Duplin primary voters increase
By Steve Herring
Published in News on May 2, 2008 1:45 PM
KENANSVILLE -- The number of registered voters in Duplin County has grown rapidly in the last few months, with most registering as unaffiliated, giving them the chance to vote in either the Democratic or Republican primary.
Since Jan. 1, more than 500 new people have registered to vote in Duplin, with 409 of them registered as unaffiliated.
Both parties now permit unaffiliated voters to cast ballots in their primary elections. The thinking of party leaders was that unaffiliated voters who chose to vote in their primary would be more likely to return to the same party come November.
Of the voters who switched parties, 39 Republicans changed their registration to Democrat and 144 to unaffiliated. Sixteen Democrats switched to the Republic ranks and 42 became unaffiliated.
Duplin County Board of Elections Director Suzanne Southerland said there normally is an increase in voter registration prior to a presidential primary. But this year's number seem higher than normal, she said. She said she is not sure what prompted the surge.
"It (voter numbers) has really grown," she said.
Since Jan. 1, the voter rolls in Dupin have increased from 26,548 to 27,208. That breaks down to 15,497 Democrats, 6,725 Republicans and 4,986 unaffiliated.
A full slate of candidates for public office, from the White House to the county courthouse, are on the ballot Tuesday.
Along with making their picks for public office, voters also will decide the fate of a one-quarter cent increase in the local sales tax. If approved, Duplin commissioners have said that all proceeds will go to the county public schools and to James Sprunt Community College.
Only the county's Democrats have local races in the primary -- two for the board of commissioners and three for the school board. And in some cases, winners in the primary will, in effect, capture the office since they face no opposition in November.
Polls will be open from 6:30 a.m. until 7:30 p.m.
There are four candidates for the District 1 commissioner's seat left open when incumbent Commissioner L.S. Guy of Faison decided not to seek re-election. Vying for that seat are Jimmy Dixon of Mount Olive, Winston Jennings of Kenansville, Frances Parks of Calypso and Snodie B. Wilson of Kenansville.
District 6 Commissioner Reginald A. Wells of Teachey faces challenger Jessie Hand Ladson of Warsaw.
There is no Republican challenger in the November general election for either commissioner district so winning the primary is tantamount to winning the seat.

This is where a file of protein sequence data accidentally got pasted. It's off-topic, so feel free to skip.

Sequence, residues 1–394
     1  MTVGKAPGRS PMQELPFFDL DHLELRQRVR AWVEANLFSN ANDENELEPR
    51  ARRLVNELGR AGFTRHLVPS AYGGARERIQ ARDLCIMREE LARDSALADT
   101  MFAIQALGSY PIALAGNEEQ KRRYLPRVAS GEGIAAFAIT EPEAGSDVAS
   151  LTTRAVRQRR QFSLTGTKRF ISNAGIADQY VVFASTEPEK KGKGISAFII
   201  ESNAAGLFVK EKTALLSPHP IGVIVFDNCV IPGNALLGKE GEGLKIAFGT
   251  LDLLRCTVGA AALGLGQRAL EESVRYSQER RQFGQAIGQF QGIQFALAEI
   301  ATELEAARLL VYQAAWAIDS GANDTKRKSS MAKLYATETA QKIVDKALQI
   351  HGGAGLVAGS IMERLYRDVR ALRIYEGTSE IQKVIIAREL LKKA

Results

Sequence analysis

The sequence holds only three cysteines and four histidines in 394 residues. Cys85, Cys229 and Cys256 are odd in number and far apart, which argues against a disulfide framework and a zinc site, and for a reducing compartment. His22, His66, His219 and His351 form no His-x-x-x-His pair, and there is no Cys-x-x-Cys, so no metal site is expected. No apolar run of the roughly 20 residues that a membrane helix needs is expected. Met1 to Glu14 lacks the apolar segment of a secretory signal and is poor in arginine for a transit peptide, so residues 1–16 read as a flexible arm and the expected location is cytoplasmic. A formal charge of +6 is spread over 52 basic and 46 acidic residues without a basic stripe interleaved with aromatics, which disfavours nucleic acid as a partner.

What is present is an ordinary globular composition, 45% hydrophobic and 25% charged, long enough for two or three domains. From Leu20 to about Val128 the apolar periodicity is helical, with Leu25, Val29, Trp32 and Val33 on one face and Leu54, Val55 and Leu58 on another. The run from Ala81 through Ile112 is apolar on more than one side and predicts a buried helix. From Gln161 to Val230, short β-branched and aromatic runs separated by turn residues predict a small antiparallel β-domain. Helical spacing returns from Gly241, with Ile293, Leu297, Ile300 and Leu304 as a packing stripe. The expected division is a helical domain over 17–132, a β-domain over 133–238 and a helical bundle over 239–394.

Three board of education members have challengers.
In District 1, incumbent Willie Gillespie of Kenansville is facing Georgette Ward of Warsaw and Ronnie Bostic of Kenansville. The winner will take on Kraig Westerbeek of Warsaw in the November general election.
District 5 board member Reginald Kenan of Rose Hill is opposed by Helen C. Dobson of Rose Hill.
Hubert E. Bowden of Warsaw, who represents the District 6, faces challenger Mary Marzella Morrisey of Warsaw.
Neither Bowden nor Kenan face opposition in November.
On the national level, are primaries for the Third Congressional District. Incumbent Republican Walter B. Jones is being challenged by Joe McLaughlin. In the Democratic primary, Marshall Adame and Craig Webber are competing for a spot on the November ballot.
Voters can cast ballots ahead of time. One-stop voting is under way daily through Saturday at two locations -- the Board of Elections office at 160 Mallard St. in Kenansville, next to E.E. Smith Middle School, and at the old Chamber of Commerce building at 316 Murray St. in Wallace.
The hours are 9 a.m. until 5 p.m. daily at the Kenansville location and noon until 5 p.m. at Wallace. Both locations will be open from noon until 5 p.m. on Saturday.
Ms. Southerland said that as of Wednesday, 677 residents had taken advantage of the one-stop voting -- 566 in Kenansville and 111 in Wallace.
Ms. Southerland said her office would update its Web site as election results come in. The Web site is www.duplincountync.com/governmentOffices/
People can also see election results at the N.C. Cooperative Extension Service building at Duplin Commons, where a projector will be set up to display the results on a large screen.
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